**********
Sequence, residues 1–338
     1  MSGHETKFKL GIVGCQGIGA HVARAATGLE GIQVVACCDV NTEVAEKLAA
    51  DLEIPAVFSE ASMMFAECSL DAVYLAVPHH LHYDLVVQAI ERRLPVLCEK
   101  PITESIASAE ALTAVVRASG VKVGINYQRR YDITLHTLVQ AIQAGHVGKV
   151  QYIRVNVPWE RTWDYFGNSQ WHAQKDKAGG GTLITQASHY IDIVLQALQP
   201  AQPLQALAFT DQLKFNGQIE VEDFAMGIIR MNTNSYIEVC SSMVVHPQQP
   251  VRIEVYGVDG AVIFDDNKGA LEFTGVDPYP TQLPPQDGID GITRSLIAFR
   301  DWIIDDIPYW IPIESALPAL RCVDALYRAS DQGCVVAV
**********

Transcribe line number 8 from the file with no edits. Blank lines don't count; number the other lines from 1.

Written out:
   301  DWIIDDIPYW IPIESALPAL RCVDALYRAS DQGCVVAV